HikariCP is young in world-time (started September 2013), but mature in internet-time. HikariCP is now the default connection pool of Play Framework, Slick, and others. Tens of thousands of developers use HikariCP every day.

While HikariCP is ridiculously efficient, our unwavering target is not speed but reliability. Everybody plugs in a connection pool, and “Hey, look it works”! Until it doesn’t.

Many developers and deployment teams test their products under fairly ideal conditions, never testing what happens to their application under adverse conditions. As a repository of medical records, I would expect that OpenMRS’ need for “availability” is high.

As far as I know, our team is the only team that has tortured pools under adverse conditions, and HikariCP is the only pool that is specifically hardened for fast recovery. Whenever someone asks why they should use HikariCP, “reliability” is the first word out of our mouths.

If you have time, you might find reason to use HikariCP in reading our analysis Bad Behavior: Handling Database Down.

Thanks.

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Interesting that you mention Hibernate, because RedHat/Hibernate core developer Brett Meyer is the one who created the ConnectionProvider implementation for Hibernate. He tweeted this last Fall:

If you are interested in another 3rd-party analysis, the guys over at Wix have written a nice one. Wix has over 100 million users.

The reason for relatively low traffic on various forums we attribute to HikariCP being extremely simple to configure (not much to go wrong), especially when switching from another pool. It would be easy to attribute it to low popularity, but our latest download numbers from just the SonaType maven repository have broken through 10,000/mo.

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@mihirkh, @lluismf, @darius, and especially @hikaricp… thanks for your suggestions and comments. :smile:

Not sure one could ask for a better rounded group of folks to work through this. :smile:

@mihirkh, and @hikaricp: we tend to be driven by needs above all else. It would be nice to identify specific benefits or fixes we’d arrive at when we make a code change like this.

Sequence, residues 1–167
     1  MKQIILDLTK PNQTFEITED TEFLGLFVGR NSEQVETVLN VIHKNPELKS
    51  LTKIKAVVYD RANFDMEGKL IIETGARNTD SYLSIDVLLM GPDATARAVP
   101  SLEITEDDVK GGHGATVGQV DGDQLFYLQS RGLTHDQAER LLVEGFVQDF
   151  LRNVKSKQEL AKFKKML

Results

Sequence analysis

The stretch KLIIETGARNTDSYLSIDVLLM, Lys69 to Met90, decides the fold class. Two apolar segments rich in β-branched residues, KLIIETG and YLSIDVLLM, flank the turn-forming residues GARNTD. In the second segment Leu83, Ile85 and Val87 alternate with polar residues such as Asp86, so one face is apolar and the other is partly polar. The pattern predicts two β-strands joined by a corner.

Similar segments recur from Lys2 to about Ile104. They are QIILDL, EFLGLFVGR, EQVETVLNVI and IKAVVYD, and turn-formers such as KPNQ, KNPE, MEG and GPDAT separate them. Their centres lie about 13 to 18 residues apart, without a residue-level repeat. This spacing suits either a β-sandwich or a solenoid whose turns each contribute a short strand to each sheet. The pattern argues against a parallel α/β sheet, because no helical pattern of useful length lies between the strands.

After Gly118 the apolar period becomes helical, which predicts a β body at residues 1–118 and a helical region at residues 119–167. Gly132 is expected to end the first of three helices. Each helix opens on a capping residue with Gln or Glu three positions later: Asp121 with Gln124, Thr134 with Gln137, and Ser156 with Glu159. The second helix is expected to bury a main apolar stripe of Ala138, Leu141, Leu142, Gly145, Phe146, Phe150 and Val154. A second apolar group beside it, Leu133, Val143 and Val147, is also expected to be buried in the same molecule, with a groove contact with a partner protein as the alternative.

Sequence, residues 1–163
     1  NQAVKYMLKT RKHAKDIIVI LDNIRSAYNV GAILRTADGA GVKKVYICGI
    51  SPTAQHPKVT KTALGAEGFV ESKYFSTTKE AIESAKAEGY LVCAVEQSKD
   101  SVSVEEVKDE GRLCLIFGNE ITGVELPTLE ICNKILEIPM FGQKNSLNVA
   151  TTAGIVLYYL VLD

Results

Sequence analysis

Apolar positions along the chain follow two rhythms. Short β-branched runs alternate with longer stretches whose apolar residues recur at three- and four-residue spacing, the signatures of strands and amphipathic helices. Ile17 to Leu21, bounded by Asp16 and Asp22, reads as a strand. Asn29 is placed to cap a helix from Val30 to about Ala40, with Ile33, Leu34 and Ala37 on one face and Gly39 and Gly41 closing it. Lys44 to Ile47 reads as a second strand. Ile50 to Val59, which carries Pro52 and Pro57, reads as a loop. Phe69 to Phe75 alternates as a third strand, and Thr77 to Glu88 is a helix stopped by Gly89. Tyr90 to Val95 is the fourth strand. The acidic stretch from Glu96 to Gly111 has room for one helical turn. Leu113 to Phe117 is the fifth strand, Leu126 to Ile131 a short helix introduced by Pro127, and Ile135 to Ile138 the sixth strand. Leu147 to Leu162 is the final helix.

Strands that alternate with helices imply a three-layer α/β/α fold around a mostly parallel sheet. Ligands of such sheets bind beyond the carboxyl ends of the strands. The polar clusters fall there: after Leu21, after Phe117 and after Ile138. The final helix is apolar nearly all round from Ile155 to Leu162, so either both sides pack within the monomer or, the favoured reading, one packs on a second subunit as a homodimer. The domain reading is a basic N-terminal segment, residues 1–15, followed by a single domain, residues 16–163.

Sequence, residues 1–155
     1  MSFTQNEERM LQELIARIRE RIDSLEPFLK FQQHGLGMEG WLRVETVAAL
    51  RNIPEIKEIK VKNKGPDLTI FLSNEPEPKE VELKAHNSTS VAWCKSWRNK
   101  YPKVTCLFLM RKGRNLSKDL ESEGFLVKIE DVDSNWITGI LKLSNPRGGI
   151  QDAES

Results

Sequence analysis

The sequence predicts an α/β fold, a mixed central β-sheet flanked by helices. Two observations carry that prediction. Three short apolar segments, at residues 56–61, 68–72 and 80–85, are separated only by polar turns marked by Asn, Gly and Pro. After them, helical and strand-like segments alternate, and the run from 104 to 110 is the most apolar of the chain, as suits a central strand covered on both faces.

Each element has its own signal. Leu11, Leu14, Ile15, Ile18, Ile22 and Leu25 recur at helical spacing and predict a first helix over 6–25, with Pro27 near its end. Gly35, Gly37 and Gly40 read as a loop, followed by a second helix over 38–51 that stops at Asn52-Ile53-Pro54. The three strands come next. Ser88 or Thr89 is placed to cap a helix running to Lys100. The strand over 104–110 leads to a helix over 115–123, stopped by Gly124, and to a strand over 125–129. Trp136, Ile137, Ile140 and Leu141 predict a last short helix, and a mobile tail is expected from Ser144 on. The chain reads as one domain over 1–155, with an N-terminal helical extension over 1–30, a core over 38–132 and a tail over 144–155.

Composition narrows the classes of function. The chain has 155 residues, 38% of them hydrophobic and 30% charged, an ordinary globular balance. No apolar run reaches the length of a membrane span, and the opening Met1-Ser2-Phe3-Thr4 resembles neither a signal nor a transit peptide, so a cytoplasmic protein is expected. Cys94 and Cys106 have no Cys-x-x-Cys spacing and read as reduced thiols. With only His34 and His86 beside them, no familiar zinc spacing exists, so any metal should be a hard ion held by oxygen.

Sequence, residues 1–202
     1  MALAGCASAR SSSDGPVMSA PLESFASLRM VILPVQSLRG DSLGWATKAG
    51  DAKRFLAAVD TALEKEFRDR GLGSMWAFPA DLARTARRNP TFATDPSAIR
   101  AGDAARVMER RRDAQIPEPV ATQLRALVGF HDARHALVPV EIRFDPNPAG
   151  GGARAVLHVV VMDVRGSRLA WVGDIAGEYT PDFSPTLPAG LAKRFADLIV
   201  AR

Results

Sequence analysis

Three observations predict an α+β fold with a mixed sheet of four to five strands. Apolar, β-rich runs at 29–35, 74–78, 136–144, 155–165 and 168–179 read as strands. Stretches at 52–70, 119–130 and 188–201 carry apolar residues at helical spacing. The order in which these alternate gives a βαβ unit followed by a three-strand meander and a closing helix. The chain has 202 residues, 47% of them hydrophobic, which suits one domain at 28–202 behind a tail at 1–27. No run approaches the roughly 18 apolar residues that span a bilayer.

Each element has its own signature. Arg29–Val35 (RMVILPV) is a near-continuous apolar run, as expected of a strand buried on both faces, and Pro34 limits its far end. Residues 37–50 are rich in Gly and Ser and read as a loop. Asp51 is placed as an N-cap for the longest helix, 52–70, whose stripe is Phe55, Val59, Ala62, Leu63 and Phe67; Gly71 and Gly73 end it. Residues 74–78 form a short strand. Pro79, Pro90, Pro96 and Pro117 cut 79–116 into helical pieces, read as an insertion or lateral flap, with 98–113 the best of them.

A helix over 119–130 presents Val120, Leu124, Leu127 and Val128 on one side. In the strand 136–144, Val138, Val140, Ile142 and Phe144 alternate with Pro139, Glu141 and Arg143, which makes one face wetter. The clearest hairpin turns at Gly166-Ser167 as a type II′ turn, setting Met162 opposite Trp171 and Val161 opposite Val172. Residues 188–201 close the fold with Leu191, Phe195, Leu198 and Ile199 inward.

@hikaricp: if we were to consider such a change, can we rely upon you and your team for the technical assistance needed to see this through successfully? :smile:

Thanks a ton for the contributions in advance!

@paul We pride ourselves on supporting our users as quickly and effectively as possible. Feel free to peruse the issue tracker to get a feel for the support we provide.

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Certainly justifying a change when there is no immediate problem to be solved can be difficult. I’ll lay out in a short skit:

:grinning:: “You should get this new car.”

:smirk:: “My car is running fine, never had a minute’s trouble, why should I replace it?”

A perfectly natural response, to which I say…

:grinning: : “The model of car you are driving has a history of random fires. Break-seizures when traveling at high-speed have also been reported. And finally, your car has no airbags.”

Aaaand scene.

HikariCP has never had a reported hang or deadlock (it would be difficult with the lock-free design), and as noted in my previous comment, has been designed and tested to provide predictable behavior even in the face of network failures and recoveries.

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Ditto to what @darius said. I don’t see any harm in setting up an OpenMRS instance with HikariCP. Assuming things simply keep working, then – at a minimum – we can document how any implementation can choose their preferred pooling. If we can demonstrate significant performance benefits or even some behind-the-scene benefits… for example, like this:

then we may decide that HikariCP is a better out-of-the-box connection pooling solution relative to c3p0 and make it our default.

@mihirkh, would you be willing/able to set up a demonstration server and get some data on how OpenMRS runs with HikariCP for us?

Cheers,

-@burke :burke:

Testing a scenario of multiple concurrent users is hard, do we have any tool for that?

@Burke I don’t understand your graph, is a flat line a good thing?

Agree that load testing would be the way to exercise the connection pool. We’ve played with Grinder before for load testing. Nothing is currently set up for it. The bad/good news is it won’t take too much of a load to induce performance issues with OpenMRS. :wink: